How do varargs work in C?

When I was taught C, functions had a fixed number of arguments. Here’s an example:

int sum_squares(int a, int b) {
  return a*a + b*b;
}

Function arguments are placed on the stack. So executing sum_squares(2,3) means placing 2 and 3 (amongst some other things) on the stack. Putting these two values on the stack means advancing the stack pointer enough for two int values, placing our two values in the free space.

How does something like printf("Some values: %d, %s, %c!", 4, "foo", 'z') fit into this scheme?

To my shame, I always assumed printf was implemented through macro magic. It’s not! It’s an ordinary function definition, and you can define it yourself. Here’s its declaration:

void my_printf(char* format, ...);

What is this ...? It’s a special token which marks the function as variadic, meaning that call sites can pass an arbitrary list of values following the named parameters.

The function definition follows the declaration syntax:

void my_printf(char* format, ...)
{
  // ...
}

How do we access the extra arguments passed in the call? With three “special macros” in stdarg.h. First up is va_start (read: variable-arguments start):

void my_printf(char* format, ...)
{
  va_list argp;
  va_start(argp, format);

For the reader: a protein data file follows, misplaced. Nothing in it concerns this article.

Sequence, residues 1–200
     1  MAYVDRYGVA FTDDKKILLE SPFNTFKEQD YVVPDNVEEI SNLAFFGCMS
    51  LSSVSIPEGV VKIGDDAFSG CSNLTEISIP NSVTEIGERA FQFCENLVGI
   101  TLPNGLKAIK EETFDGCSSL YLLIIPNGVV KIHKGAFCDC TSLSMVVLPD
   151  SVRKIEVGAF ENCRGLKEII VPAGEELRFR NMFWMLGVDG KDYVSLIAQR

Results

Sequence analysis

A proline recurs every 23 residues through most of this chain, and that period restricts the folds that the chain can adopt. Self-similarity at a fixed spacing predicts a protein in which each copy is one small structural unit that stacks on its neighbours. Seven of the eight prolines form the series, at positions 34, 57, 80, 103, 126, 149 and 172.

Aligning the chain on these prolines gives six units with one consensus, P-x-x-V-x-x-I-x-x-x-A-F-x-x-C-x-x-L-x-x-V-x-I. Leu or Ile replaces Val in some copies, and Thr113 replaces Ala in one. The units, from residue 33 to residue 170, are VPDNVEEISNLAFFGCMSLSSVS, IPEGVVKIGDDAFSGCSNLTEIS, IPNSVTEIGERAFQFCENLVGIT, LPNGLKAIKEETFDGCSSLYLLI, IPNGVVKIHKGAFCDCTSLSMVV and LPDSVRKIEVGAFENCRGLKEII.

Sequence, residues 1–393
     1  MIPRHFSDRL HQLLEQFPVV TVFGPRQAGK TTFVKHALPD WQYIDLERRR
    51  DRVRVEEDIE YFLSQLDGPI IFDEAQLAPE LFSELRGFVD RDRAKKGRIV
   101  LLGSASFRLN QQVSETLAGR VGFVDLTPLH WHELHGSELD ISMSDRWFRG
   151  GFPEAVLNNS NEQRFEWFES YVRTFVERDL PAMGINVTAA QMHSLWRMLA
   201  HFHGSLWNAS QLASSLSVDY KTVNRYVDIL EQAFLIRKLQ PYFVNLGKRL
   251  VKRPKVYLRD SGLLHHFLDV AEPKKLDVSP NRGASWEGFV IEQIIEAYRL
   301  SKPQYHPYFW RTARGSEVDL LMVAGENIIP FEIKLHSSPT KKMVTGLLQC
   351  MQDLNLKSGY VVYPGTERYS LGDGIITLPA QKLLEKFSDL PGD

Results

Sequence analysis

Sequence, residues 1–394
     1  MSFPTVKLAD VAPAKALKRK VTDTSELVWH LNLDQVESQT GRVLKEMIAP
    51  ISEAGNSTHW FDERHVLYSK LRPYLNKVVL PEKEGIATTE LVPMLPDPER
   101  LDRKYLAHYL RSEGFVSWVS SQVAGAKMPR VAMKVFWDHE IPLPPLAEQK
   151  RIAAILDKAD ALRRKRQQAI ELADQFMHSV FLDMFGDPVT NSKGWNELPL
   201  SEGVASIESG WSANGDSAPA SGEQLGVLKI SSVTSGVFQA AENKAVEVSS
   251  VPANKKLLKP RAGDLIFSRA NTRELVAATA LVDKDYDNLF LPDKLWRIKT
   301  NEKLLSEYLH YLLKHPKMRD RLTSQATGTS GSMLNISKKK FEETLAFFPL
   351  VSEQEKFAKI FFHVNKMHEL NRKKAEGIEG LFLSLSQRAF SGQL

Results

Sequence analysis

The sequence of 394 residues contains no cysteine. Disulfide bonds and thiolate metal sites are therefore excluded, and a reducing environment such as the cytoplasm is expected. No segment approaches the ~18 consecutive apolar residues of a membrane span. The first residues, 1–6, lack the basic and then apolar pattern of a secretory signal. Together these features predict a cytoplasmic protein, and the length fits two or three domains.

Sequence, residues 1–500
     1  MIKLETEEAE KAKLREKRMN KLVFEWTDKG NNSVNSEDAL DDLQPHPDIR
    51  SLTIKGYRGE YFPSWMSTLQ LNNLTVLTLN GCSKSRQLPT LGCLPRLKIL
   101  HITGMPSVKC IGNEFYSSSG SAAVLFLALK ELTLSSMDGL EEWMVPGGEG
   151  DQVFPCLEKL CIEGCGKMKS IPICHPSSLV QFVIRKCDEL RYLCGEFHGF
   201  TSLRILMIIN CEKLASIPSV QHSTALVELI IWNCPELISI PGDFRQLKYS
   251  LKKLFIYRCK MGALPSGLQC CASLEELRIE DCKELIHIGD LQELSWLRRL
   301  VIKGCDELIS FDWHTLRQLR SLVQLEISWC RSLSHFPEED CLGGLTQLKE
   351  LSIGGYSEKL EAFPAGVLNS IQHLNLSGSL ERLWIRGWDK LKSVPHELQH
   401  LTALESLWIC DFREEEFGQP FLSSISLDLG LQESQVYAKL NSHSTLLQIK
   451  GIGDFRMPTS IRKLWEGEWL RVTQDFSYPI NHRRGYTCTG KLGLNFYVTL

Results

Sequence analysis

// ...
}

What is this va_list? It’s effectively a pointer to an arguments in the var-args array. After calling va_start, argp points at the first var-argument.

The second macro is va_arg. You call it with a va_list and a type, and it takes value pointed at by the va_list as a value of the given type, then increment the pointer by the size of that pointer. For example, va_arg(argp, int) will return (int) *argp, and increment the pointer, so argp += sizeof int.

How do we know when we reach the end of the var-arguments array? Simple: we don’t! Or rather, this API doesn’t tell us, so we have to know in some other way. In the case of printf, it assumes there are at least as many var-arguments as there are format specifications (e.g. %s) in the format string.

At the point that we’ve stopped consuming arguments, we must call va_end(argp). This does nothing in GNU C Lib, but the ISO C standard requires us to call it.

#include <stdarg.h>

void my_printf(char* format, ...)
{
  va_list argp;
  va_start(argp, format);
  while (*format != '\0') {
    if (*format == '%') {
      format++;
      if (*format == '%') {
        putchar('%');
      } else if (*format == 'c') {
        char char_to_print = va_arg(argp, int);
        putchar(char_to_print);
      } else {
        fputs("Not implemented", stdout);
      }
    } else {
      putchar(*format);
    }
    format++;
  }
  va_end(argp);
}

Notice something odd: char char_to_print = va_arg(argp, int). We use int as the type in the macro because types narrower than int are promoted to be of size int.


I wrote this because I felt like it. This post is my own, and not associated with my employer.

Jim. Friends. Vidrio.